Sean Runnette may possible be Mark Tufo’s alternate universe twin, I’m just not sure which is the goateed evil version. It’s almost scary how well Runnette captures Michael Talbot and his band of family and friends. I have not listened to Runnette in other books, and it always takes me a moment to convince myself that Michael Talbot hasn’t become a narrator. I will always remember my first reaction when I started the first Zombie Fallout. I was totally, Who the hell is this guy? He sounds like Ray Romano with a head injury. It only took me a little while to realize just how perfect that was. Runnette seems to have truly grown into this world, bringing each character alive in special ways. Where he truly shines is capturing Tufor’s sarcastic and often corny sense of humor, making it feel authentic. For me, Zombie Fallout wouldn’t have been the same without Sean Runnette.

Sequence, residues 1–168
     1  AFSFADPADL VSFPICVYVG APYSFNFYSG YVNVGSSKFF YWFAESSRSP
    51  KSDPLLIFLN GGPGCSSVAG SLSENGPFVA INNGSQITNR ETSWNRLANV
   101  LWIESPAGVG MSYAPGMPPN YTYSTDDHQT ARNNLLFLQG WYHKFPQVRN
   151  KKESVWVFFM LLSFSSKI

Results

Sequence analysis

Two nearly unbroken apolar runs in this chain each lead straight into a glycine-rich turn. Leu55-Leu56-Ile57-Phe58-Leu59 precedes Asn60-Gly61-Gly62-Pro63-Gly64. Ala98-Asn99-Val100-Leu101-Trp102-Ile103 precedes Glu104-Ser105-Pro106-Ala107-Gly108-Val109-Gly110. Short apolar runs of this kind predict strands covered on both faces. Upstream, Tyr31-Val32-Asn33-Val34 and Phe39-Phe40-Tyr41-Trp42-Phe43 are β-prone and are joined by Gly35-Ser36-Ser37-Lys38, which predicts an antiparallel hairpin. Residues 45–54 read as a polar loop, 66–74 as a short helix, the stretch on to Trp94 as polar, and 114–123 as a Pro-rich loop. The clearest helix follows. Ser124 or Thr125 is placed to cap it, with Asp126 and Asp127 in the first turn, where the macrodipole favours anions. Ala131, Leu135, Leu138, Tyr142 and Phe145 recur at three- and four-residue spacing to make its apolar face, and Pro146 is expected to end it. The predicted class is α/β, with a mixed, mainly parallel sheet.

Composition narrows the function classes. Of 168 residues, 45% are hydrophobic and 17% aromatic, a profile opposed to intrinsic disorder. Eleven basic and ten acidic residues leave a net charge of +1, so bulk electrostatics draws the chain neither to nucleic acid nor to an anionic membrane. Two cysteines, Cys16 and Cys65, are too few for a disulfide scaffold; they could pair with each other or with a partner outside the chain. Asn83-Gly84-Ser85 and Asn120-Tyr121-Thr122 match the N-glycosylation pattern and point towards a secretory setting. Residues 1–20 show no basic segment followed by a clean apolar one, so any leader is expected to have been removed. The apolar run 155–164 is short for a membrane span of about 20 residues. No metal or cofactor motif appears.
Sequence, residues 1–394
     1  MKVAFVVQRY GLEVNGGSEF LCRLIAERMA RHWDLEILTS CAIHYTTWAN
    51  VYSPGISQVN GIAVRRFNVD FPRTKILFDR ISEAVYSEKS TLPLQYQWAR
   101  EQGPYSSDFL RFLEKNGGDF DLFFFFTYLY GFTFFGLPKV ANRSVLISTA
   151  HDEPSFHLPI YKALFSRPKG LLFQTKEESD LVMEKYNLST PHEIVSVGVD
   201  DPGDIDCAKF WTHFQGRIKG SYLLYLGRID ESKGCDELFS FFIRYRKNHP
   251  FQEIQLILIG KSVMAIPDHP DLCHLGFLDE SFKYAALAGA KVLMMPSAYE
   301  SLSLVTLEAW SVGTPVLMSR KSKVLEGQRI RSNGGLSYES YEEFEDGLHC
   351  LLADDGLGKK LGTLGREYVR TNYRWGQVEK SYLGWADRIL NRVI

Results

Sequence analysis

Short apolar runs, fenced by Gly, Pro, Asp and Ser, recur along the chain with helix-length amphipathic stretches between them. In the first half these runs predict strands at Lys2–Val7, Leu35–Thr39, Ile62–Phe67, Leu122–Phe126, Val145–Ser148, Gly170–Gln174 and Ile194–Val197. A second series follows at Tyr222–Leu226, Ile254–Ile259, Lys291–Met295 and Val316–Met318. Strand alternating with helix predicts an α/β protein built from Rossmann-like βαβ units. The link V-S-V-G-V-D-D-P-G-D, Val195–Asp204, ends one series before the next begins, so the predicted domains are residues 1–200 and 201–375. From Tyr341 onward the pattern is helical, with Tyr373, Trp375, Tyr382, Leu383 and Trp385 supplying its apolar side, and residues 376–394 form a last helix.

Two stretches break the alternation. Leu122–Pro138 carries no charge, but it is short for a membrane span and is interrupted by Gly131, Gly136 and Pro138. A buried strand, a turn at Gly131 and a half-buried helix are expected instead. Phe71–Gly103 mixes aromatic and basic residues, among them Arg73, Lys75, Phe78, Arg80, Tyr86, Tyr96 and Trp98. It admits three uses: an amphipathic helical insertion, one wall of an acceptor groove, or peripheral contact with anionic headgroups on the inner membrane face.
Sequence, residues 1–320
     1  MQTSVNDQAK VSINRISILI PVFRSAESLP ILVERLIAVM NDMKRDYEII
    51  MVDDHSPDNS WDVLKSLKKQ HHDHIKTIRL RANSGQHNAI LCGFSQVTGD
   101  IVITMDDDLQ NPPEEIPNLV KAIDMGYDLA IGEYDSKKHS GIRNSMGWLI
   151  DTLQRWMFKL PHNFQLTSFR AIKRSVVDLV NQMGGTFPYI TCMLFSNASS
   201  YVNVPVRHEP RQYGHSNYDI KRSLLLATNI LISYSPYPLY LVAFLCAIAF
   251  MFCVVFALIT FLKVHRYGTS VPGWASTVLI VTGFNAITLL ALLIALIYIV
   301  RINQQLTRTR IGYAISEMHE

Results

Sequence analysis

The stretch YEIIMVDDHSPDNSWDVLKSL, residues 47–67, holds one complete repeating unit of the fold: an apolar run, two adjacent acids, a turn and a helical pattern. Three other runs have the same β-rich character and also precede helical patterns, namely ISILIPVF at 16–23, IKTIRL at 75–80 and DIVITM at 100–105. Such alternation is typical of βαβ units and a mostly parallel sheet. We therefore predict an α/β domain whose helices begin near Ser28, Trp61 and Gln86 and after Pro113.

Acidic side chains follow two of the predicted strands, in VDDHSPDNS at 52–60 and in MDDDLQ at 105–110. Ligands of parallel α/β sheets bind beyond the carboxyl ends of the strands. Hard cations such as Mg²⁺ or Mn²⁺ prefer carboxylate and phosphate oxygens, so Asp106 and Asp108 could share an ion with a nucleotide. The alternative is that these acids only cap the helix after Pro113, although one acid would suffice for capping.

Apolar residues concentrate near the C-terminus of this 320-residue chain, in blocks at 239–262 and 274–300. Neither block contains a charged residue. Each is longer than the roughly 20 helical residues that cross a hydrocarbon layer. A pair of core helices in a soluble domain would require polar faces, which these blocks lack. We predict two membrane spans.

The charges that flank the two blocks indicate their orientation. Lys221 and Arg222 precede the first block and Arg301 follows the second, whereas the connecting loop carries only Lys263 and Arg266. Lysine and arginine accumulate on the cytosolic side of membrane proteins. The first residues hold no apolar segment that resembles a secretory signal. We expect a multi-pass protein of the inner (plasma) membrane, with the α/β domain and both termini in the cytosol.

2013 Zombie Awareness Month

Guest Audiobook Review: The Book of Riley, Part 2 by Mark Tufo

20 05 2013


2013 Zombie Awareness Month

The Book of Riley 2: A Zombie Tale by Mark Tufo

Read by Sean Runnette

Tantor Audio

Length: 2 Hrs 46 Min

Genre: Zombie Apocalypse with Talking Animals

Quick Thoughts: Today my dog Munch stops by with a guest review of this action packed Zombie Apocalypse novella featuring Riley, Patches and Ben Ben. This time, the pack passes through Vegas where some humans are up to no good. Another fun entry to the series.

Grade: B+


Today’s Special Guest Reviewer